With arguably, an increase in investments by both foreign and local business enterprises in Uganda, there is growing concern among the larger public about the efficacy and institutional competence to regulate and monitor corporations in Uganda. Questions consistently asked revolve around whether the text of our labour policies and regulation is comprehensive enough to address emerging issues arising from the interaction between labour and investment. Similarly, whether in case of any breaches by the corporations, the available institutional framework is with the requisite capacity to bring wrong doers to book. This report is premised on a research study, which sought to review the labour policies in Uganda, the laws in force and the institutions there under. This subject is of critical importance in the context of Uganda now— as it is keenly focused on private sector led growth and is in preparations to go into full scale oil exploration and extraction.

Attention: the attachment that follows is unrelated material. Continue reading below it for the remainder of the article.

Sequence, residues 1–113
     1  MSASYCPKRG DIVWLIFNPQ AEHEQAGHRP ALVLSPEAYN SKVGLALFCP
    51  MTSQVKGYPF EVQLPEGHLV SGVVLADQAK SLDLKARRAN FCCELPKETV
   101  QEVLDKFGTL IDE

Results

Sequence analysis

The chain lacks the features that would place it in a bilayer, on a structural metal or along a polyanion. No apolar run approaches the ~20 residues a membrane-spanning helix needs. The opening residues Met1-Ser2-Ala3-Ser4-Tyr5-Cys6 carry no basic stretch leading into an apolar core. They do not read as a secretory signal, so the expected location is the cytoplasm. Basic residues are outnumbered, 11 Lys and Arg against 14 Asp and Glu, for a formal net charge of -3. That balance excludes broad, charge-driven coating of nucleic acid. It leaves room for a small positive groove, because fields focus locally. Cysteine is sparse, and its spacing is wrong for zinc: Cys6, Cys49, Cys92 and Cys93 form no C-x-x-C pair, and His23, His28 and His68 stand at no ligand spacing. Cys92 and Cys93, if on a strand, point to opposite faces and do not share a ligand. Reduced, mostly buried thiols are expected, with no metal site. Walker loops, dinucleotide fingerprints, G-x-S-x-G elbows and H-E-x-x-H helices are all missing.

The overall objective of the research was to identify and document deficiencies (if any) in the policy, regulatory and institutional frameworks, and suggest appropriate remedial actions and where necessary, appropriate legal and institutional reforms to meet minimum international standards especially in the context of the International Covenant on Economic Social and Cultural Rights (ICESCR). The research also highlights some best practices key to enhancing corporate accountability and respect for human rights generally, and in particular, labour rights in Uganda.
Similarly, there is also growing concerns arising from externalisation of labour and in particular, what mechanisms Uganda has put in place to ensure the safety of its working citizens abroad. Although this latter question was not originally part of the research question, it was found necessary— owing to the worrying trends and reports around externalization of labour, including issues of torture and sexual abuse especially of young women working in the Middle East. In both these two broad questions, international consensus appears to be that the state retains the primary obligation to protect and promote human rights and that non-state actors including business enterprises must respect human rights—to ensure that business is not done at the expense of human rights and their enjoyment. Corporations must remain subordinate and subject of the law at least, in the area of human rights. One such area is labour rights in its broader sense. The study also covers the now recognised responsibility of corporations to respect human rights.